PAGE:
I had an amazing trainer, who is still a dear friend. We have been through a lot with each other. Mostly a lot of me yelling at her, calling her names and saying she was trying to kill me. But she also helped usher in a huge transition period for me. She taught me about nutrition and clean eating and even got me to run some races. Well after 15 races I still DO NOT like running but I got some really cool shirts. If I had to take something from that experience it was training for a purpose kept me active, it wasn't just going to the gym. It was my lifestyle that needed to change for it to be successful.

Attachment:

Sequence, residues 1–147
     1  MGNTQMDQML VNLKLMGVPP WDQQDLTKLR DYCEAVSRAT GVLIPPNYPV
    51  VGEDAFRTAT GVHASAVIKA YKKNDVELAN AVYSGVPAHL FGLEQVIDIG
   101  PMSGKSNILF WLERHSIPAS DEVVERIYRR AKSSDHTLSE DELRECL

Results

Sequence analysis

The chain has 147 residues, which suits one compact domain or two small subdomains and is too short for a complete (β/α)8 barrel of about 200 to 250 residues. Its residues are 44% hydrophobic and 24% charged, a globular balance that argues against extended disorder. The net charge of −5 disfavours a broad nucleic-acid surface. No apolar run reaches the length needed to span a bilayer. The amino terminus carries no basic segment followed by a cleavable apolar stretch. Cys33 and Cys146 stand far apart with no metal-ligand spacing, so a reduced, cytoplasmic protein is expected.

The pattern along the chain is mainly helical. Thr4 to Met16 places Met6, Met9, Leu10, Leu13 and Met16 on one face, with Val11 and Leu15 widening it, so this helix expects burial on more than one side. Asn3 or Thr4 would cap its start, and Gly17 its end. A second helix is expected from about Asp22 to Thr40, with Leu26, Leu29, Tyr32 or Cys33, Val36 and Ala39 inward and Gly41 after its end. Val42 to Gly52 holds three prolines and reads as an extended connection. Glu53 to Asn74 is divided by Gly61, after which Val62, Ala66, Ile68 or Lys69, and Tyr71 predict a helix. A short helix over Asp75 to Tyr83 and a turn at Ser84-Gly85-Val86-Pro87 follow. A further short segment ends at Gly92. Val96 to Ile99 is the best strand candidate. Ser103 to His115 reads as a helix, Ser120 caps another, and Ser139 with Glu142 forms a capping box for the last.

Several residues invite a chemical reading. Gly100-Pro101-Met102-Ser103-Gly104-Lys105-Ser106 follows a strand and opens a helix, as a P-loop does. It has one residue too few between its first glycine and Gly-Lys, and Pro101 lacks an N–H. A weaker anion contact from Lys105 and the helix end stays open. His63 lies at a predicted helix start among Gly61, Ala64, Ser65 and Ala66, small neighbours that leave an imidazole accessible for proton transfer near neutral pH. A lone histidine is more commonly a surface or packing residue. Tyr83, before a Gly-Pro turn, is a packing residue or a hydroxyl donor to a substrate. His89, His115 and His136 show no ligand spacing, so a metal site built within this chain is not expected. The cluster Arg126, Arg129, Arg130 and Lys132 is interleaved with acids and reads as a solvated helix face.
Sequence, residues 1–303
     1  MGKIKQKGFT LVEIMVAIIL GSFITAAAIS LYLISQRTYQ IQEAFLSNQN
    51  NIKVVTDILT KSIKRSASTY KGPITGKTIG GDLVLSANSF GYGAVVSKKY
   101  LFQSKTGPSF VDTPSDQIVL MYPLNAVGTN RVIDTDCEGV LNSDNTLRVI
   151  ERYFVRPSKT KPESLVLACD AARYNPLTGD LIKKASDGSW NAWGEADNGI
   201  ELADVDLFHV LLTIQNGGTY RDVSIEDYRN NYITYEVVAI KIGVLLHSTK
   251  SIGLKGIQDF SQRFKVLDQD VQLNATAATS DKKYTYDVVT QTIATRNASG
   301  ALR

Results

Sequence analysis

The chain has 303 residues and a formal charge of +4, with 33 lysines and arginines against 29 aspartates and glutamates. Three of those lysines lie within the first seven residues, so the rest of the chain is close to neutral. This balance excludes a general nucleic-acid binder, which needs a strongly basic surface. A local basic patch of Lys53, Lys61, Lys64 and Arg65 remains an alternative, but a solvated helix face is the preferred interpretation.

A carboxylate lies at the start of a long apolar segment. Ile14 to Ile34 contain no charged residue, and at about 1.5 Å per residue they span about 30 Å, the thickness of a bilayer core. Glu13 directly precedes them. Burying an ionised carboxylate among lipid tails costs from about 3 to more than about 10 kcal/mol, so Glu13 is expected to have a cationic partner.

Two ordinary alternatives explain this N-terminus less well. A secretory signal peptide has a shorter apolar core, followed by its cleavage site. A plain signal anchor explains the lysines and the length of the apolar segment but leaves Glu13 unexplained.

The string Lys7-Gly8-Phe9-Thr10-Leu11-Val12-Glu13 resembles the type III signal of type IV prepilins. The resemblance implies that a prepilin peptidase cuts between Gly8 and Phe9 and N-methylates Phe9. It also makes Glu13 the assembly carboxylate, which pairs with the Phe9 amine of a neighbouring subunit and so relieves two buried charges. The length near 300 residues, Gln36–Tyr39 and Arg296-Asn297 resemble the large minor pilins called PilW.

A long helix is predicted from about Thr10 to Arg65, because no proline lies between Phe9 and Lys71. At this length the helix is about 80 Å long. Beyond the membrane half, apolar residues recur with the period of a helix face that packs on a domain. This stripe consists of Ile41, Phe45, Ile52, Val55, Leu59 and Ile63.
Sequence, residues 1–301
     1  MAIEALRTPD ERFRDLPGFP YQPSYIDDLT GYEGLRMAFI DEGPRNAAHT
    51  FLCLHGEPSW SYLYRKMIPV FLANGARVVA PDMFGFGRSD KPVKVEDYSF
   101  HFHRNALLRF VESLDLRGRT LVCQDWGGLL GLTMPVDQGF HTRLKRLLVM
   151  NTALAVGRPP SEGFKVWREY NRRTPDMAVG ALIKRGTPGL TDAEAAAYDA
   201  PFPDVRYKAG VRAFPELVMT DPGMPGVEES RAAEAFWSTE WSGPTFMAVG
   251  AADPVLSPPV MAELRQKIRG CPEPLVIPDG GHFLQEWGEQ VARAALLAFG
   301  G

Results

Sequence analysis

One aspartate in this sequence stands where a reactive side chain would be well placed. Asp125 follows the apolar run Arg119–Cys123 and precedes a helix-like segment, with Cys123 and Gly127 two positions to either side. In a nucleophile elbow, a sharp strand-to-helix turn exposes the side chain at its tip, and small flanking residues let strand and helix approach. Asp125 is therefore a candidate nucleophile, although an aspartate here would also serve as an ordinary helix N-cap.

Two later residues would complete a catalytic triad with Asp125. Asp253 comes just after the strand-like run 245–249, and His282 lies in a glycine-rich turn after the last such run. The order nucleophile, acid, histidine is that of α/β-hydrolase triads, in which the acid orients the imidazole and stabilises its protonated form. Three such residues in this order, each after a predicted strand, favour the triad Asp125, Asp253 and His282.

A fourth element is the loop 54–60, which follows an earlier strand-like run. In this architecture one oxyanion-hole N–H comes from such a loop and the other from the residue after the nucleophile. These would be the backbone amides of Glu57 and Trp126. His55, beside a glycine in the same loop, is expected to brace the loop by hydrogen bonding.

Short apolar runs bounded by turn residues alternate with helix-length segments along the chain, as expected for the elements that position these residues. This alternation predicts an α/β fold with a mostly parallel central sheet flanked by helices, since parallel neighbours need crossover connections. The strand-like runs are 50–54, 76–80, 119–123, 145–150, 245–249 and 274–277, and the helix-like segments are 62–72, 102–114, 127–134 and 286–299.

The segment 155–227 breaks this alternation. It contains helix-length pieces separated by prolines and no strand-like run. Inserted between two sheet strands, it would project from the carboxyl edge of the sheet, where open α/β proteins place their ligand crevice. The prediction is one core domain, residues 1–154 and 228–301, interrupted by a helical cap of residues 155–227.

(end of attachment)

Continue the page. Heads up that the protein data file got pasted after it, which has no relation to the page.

After parting ways with my trainer I maintained my own workout regimen and life found a way, as it does, to interfere with my new lifestyle. I slowly slipped back into my old ways and habits. I had started gaining weight and stopped working out completely because of work. Well after I let work and other obstacles sink their dirty claws into me, they dragged me to the hospital with two swollen legs, difficulty breathing and a blood pressure of 260 over 150. The doctors looked at me and told me, "we're keeping you for 3 days for observation... we are concerned about congestive heart failure." I lost it and came completely unglued in the emergency room. Just could not believe after everything that I've gone through, the suffering and turmoil. I had still ended up at the bottom of the barrel. I was at an all-time low. My cardiologists recommended a career change and complimented me on my weight loss and new lifestyle. He laid out the facts for me and stated that if I had not done the exercise and weight loss that I had, I would have suffered a heart attack or a stroke from the blood pressure caused by stress. I will always remember the short Japanese man that gave me a high-five and said, "keep up the good work and share your story with everyone... you might save a life”.